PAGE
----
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MA: ssh at A Basin - Page 2

post #31 of 32
Originally Posted by SoftSnowGuy View Post
Look at the bend in your knees vs. your position in the turn. You have your knees the straightest at the top of the turn when there is the least load on them, and you have them bent the most at the bottom of the turn when there is the most load of gravity plus momentum. You're also loading your quads the most at the bottom of the turn.

If your knees feel OK, and your quads are good for the full day and full ski vacation, fine. If you are getting some arthritis or other knee pain, or your quads get tired and shorten your trip, consider changing your style, using the retraction turns Bob mentioned.

Consider flexing the most when your knees have the least load on them, and skiing on a near-straight downhill leg at the times of greatest load. Something like This , or This.
I dont agree with this quote completely. Yes, a more straight leg will be able to carrie the load better but in skiing it isnt really the case in all situations. If you look at Anja at 1:26.7 you can see how flexed that outside leg acutally is. And she is carrying more weight on it than we will ever do. The reason for this is that she is hanging on the front of her boots and with that boot support she is able to carry a big load even if she is flexing some. A flexed position like that is actually very strong. Also, there are other things to consider, like maintaining the snow contact even if leg sometimes is pushed out from underneath us. There a little extension comes in handy. On the other hand, what ssh could do is flex through the transition but ILE is totally acceptable at that kind of skiing. Great skiing ssh.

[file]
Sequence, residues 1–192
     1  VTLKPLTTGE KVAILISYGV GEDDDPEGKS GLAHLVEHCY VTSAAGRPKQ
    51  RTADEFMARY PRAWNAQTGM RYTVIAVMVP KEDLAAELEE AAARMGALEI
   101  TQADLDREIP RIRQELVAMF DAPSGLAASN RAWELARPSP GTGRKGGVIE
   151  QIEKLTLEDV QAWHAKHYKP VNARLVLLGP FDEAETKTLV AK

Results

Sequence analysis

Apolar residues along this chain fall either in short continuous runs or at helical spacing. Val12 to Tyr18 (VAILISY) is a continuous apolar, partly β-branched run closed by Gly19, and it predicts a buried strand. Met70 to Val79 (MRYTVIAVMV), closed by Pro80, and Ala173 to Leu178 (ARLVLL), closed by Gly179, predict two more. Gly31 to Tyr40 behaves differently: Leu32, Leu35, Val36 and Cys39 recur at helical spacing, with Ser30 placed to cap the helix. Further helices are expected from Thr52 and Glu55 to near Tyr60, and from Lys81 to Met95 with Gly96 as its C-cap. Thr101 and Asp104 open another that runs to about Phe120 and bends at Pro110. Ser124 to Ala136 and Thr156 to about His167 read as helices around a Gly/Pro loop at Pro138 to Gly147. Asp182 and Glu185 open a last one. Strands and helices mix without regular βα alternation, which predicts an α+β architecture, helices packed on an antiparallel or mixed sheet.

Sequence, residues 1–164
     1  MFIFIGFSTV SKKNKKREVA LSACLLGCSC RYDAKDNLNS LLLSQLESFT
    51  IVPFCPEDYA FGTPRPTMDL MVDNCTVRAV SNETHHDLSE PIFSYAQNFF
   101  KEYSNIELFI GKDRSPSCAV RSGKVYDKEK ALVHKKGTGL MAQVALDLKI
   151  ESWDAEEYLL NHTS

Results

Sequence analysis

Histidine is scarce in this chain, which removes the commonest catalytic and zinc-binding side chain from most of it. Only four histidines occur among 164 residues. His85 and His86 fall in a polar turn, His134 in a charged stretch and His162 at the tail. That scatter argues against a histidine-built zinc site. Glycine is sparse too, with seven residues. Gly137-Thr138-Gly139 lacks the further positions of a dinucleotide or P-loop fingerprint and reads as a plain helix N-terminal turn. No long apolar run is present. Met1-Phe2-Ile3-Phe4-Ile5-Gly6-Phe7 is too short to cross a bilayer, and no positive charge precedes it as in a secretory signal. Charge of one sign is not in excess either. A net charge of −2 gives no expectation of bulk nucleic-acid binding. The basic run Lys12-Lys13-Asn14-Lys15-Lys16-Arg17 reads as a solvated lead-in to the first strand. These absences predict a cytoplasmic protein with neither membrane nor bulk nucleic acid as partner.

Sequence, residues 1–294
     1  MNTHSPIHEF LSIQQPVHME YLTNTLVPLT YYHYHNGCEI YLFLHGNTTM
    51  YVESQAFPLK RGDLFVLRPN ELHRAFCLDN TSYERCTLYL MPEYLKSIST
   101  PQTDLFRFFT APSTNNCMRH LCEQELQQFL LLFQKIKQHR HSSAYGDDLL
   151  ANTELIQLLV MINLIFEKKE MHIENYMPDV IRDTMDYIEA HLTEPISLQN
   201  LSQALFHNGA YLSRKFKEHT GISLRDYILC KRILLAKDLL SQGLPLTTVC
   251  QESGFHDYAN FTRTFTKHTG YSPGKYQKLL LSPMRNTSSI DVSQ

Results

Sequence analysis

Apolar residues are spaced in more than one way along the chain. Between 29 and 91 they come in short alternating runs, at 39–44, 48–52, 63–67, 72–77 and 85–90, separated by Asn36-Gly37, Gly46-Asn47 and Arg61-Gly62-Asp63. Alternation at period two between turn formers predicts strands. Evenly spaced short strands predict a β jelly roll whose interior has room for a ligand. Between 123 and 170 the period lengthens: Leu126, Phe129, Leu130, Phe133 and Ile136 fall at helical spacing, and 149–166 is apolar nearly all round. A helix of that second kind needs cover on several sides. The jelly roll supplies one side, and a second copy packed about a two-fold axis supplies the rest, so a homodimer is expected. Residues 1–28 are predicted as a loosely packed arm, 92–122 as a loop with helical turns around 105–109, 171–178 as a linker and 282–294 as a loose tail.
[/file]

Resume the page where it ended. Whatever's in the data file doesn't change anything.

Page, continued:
post #32 of 32
I'd like to throw some stuff into the mix here.

The first thing that I'd like to point out is that your skiing, Steve, has improved by leaps and bounds since I saw it last. You're starting to look more powerful and less cluttered than ever before. The movements are more simple and directed, and there seems to be more of a visceral understanding of what the skis can do for you. You've passed that point where you were "wrestling" with the skis and you're starting to use them. In this path, you will soon become a very powerful skier.

Here are some places to go.

1. Pole plant: I think your plant is timed very well in the first couple of turns, yet as you progress to speed, I think the swing is late, but the touch is too early. And yeah, the left one has a bit too much character still. So swing earlier with the wrist, and touch the pole as you come across so it doesn't jerk in the snow.

2. I think, in the faster turns, there is too much retraction. You give up a lot of useful energy there, and that retraction puts you in the back seat. In the slower turns you don't do that. You move "with" the skis as they accelerate. Keep moving your hips forward with the skis as you change edges, so you can manage the pressure (taking off only a little through the transition, and get ready to build pressure progressively into the forebody as you shape the top of the next turn.

3. Take more risk on your edges. Create a steeper platform with them as you dive into the turn. Trust the sides of the boots. Relinquish the need to have the soles of the feet in so much contact with the snow. Here are some "how to" thoughts on that.
--Widen the stance for this performance level
--Deepen the differentiation in flexing. (More flexing of the inside leg and less of the outside leg.
--No need to angulate so much at the waist.
--Keep moving forward in such a way that the hip/ball joint connection only flexes a tiny bit. The more you break at the hip, the less you control your pressure and angle.
--Keep moving forward in the middle of the turn, because the skis will squirt and you will lose them.

Nice job, Steve. It's really slick to watch someone change that dramatically in a season.

I'm proud of ya!
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